32. Cheaters in myxobacteria (Lenski & Velicer, 2000) • P developmentally proficient • C cheater (goes to stalk)

  33. Public goods and E. coli • We constructed two Escherichia coli strainsthat recapitulate the interaction of producers andnonproducers . The common goodin this system is a membrane-permeableRhlautoinducer molecule , rewired to activateantibiotic (chloramphenicol; Cm) resistance geneexpression. • Otherwise isogenic, green fluorescentprotein (GFP)–marked producers synthesize theRhl autoinducer constitutively, whereas nonfluorescentnonproducers do not. • The systemexhibited the expected propertiesfor public-good producers and nonproducers. • First, in antibiotic-containingmedia, producers grewin a density-dependent manner thatwas abolished when a synthetic autoinducer wasexogenously supplied, indicating thatautoinducer production was limiting. • Second, whenstarted from the same initial density, pure culturesof nonproducers grew slower than pure culturesof producers in antibiotic • However, additionof either synthetic autoinducer or cell-freeconditioned medium (containing autoinducer madeby producers) increased nonproducer growth in antibiotic-containing media.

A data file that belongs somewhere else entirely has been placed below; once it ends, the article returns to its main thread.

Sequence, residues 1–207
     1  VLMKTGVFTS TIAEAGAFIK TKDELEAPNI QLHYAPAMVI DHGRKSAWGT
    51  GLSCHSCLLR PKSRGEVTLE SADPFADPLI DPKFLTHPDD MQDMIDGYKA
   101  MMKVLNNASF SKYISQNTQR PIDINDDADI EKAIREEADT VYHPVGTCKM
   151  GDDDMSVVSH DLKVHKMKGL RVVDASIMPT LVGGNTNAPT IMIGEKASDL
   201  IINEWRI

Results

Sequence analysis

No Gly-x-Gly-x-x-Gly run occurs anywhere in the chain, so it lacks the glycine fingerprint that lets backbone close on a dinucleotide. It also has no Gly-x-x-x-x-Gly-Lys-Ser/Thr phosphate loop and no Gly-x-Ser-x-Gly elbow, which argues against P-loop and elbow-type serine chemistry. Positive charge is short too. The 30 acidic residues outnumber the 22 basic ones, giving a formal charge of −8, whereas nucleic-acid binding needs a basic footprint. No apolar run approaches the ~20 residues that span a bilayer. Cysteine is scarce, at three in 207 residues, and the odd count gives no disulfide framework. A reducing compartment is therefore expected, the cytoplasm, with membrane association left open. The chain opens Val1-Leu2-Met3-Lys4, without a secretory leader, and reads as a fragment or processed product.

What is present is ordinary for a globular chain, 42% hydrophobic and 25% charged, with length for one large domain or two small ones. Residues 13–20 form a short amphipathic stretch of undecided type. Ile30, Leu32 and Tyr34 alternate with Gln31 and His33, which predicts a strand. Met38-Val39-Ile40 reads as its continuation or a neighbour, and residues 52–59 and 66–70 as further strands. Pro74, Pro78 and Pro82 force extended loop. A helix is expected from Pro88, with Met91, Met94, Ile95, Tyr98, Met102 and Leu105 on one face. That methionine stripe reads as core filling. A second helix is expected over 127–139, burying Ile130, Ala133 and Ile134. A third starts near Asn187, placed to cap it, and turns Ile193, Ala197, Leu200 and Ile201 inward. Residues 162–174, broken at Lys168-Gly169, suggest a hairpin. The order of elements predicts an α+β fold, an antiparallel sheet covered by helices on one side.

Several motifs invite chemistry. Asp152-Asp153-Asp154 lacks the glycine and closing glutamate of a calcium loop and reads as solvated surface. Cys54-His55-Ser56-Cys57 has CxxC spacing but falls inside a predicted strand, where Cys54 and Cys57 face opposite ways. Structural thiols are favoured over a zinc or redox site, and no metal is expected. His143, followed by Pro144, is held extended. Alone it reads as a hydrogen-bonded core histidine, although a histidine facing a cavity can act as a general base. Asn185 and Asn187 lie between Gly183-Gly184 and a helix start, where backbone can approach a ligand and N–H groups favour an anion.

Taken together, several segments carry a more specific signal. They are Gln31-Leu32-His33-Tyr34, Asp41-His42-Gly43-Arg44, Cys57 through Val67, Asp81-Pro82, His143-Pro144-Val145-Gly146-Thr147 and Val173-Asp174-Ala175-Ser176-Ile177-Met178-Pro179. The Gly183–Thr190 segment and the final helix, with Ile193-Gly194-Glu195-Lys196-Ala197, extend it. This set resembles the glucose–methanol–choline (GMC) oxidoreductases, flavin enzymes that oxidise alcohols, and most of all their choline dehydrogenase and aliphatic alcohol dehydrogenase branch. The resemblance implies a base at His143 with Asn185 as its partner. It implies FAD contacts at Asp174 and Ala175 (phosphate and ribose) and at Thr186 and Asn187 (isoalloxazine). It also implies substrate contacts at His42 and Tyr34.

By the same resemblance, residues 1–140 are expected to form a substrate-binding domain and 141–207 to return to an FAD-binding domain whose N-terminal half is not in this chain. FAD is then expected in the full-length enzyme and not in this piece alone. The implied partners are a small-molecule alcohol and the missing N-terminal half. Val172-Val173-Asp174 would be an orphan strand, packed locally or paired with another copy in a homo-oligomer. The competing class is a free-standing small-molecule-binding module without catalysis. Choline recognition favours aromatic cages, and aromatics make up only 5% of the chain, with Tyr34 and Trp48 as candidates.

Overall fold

34. Simpson’s paradox

  35. Experimental data on E. coli populations An autoinducer of antibiotic resistance

  36. Yeast snowdrift game • Sucrose degraded by invertase to yield glucose in the periplasmic space • Only 1% of glucose captured by the same cell

  37. Both can invade when rare {c=0.02, ϵ=0.01} {c=0.02, b=0.01} Pc-Pd f

  38. Extinction of cooperators • By histidine concentration we can manipulate the cost of cooperation

  39. Population structure and relatedness in a bacterial subpopulation • Proteins for cooperation secreted or located on the outer membrane

  40. Relatedness, transfer and migration

  41. External protein genes are highly mobile